I guess you can say ‘Silence’ is a movie version of ‘The Act of Killing’. Instead of documenting the killing involved from the killer’s perspective, ‘Silence’ surrounds missionary Father Rodrigues (Andrew Garfield) in his attempt to look for Father Ferreira (Liam Nelson) in Japan, who renounced his belief on Jesus after being tortured. During his journey in search for Father Ferreira, Father Rodrigues encountered a lot of local Christian populations hidden underground.

You have to understand that minority culture and belief such as Christianity cannot exist in Japan, as Japan operates under militarism. They see religion as a demonstration of authority.

Once they captured Father Rodrigues, they did not kill him. They see priest as the root to the problem of Christianity. Therefore, instead of killing him, what they did was to force him to renounce his faith. They did this by village massacre, drowning Christians, burning them alive, and having their head chop off…

All of these were done to question Father Rodrigues’ ethical dilemma, who struggles as he questions whether if he’s being too self-centered or too unmerciful to commit apostasy. The dilemma where he is not helping those who are suffering as a Christian priest because he is unwilling to give up his religious belief.

And of course, it didn’t take long until Father Rodrigues breaks down from this ethical dilemma and chose to accept this painful truth.

Throughout the movie, it illustrates the three key areas of ‘humanities’, the correlation between value, culture and the normative. You can see how Father Rodrigues firmly hold on to his belief and see it as a responsibility to have such an ethical guideline. It is this responsibility given by God that gives him such a burden not to commit apostasy.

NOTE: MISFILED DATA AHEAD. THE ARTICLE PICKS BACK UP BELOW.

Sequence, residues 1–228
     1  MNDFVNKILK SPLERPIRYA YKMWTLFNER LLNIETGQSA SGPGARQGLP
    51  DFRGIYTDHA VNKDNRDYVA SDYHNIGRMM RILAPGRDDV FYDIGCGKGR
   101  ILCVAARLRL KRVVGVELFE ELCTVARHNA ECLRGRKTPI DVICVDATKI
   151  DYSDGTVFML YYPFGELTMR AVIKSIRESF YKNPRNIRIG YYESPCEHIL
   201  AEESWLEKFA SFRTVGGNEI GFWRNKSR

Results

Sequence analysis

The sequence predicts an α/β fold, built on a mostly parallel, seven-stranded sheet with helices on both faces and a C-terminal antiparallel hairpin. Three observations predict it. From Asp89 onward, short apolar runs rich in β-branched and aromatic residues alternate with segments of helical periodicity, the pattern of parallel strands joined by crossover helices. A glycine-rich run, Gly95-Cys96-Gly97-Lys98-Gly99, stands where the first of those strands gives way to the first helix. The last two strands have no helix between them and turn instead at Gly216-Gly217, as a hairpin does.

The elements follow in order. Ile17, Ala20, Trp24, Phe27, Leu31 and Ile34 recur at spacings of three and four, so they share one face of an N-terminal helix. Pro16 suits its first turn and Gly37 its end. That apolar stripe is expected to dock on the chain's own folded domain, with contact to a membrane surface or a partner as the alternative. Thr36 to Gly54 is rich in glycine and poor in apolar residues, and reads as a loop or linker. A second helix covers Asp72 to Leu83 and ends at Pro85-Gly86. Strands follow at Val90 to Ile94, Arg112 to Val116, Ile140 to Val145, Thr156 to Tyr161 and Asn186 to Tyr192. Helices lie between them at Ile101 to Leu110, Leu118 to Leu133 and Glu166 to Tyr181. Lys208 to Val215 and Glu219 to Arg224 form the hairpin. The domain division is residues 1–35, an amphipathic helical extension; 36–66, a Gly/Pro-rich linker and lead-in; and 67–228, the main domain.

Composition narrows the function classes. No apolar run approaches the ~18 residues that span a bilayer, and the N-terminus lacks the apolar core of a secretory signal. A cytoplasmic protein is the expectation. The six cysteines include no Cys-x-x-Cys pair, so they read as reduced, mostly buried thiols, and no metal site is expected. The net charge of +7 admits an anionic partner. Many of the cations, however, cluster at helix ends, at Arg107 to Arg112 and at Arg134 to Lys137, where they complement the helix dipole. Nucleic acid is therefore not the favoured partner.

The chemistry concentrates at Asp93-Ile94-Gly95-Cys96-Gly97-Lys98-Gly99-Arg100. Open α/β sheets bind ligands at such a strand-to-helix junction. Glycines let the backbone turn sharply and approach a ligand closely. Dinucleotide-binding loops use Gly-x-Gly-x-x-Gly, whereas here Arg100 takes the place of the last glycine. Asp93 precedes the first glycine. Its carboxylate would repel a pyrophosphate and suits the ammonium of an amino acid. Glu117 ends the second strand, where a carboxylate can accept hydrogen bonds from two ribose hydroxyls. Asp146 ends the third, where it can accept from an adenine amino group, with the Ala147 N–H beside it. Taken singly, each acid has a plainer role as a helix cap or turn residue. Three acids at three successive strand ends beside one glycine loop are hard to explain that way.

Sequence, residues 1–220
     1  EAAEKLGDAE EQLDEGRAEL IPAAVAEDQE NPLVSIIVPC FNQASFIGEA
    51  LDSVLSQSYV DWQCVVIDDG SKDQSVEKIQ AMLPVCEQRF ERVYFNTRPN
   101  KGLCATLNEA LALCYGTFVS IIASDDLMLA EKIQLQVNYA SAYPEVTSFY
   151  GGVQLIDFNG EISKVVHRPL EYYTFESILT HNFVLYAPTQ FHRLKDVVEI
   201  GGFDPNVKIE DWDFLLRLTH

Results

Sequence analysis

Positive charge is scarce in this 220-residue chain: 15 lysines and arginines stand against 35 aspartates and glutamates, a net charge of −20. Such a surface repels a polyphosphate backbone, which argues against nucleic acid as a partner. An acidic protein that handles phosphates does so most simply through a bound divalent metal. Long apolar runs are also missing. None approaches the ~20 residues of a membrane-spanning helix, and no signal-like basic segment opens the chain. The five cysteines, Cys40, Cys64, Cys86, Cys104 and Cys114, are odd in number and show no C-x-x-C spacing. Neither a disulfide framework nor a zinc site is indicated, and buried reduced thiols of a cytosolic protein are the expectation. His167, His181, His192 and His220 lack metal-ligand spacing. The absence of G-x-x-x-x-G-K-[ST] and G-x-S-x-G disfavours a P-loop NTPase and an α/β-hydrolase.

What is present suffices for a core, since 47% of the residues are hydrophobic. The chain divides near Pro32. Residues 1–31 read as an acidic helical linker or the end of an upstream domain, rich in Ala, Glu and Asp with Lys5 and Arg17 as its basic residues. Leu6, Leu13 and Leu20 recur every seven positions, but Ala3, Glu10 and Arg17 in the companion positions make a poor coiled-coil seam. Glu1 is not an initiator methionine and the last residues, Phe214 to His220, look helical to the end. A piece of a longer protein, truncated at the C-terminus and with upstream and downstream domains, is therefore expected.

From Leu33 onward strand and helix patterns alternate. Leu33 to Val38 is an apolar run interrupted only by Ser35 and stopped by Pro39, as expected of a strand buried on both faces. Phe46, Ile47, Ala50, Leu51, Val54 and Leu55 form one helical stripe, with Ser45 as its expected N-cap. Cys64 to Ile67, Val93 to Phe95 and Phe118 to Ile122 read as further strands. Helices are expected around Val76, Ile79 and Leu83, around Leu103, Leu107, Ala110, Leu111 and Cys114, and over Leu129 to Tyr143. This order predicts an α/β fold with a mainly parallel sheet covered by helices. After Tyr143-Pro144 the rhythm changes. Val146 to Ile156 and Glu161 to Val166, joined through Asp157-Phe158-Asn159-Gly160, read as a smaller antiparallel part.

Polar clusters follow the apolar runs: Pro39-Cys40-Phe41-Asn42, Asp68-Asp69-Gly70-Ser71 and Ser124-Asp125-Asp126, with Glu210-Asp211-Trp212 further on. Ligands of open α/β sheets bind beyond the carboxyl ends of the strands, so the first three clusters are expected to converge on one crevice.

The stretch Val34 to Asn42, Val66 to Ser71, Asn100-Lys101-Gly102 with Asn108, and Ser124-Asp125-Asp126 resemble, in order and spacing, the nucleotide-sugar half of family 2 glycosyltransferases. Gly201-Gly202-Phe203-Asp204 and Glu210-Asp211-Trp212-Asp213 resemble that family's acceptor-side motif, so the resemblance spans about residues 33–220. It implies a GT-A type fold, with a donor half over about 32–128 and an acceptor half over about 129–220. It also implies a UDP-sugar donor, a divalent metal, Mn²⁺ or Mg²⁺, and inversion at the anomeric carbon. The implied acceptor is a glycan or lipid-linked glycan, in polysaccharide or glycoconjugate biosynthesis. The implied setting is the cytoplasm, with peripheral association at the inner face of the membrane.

Watch Martin Scorsese’s ‘Silence’ trailer here: https://www.youtube.com/watch?v=IqrgxZLd_gE


Art is ____________.

Not long ago I was asked to write down my statements on what art is and what it contributes to resistance in my PO936 ‘Resistance in Practice’ module.

Of course, as one of the few top students in this module (sarcasm), I demonstrated my resistance in practice and chose not to contribute any of my statements at all.

The truth is, I struggled to come up with a statement on art even after hours and hours of thinking.

Art is…an expression of self.

No, no, that’s too easy

As a child whose parents studied fine arts, whose dad is an art teacher, these statements are too simple; I need to come up with a better definition for art

And then art can be part of humanities as well…

Can I actually relate some of the themes from the law and humanities to contribute my definition of art?

And just when I was working on my law and humanities essay, I came across this lovely piece of reading from the Yale Journal of Law and Humanities.

Joushua Decter’s ‘Inside and Outside Sovereignty, Outside and Inside the Law’.

Not only does he quote my favorite idol Giorgio Agamben to begin with as his introduction, what he wrote was exactly what I wanted to say about art. His way of expressing sovereignty through a poem linking with law as well as art have been simply beautiful.

“Art is governed by the same laws it seeks to break.
And yet we might say that art is always endeavoring to be at once inside and outside ‘the law.’
If art breaks these laws, it breaks itself.
Which can result in powerful art…
We are the order we seek to disorder.
We are our incomplete sovereignty.
Decriminalize us.”

Decter, Joshua (2015) “Inside and Outside Sovereignty, Outside and Inside the Law,” Yale Journal of Law & the Humanities: Vol. 27: Iss. 2, Article 8.
Available at: h p://digitalcommons.law.yale.edu/yjlh/vol27/iss2/8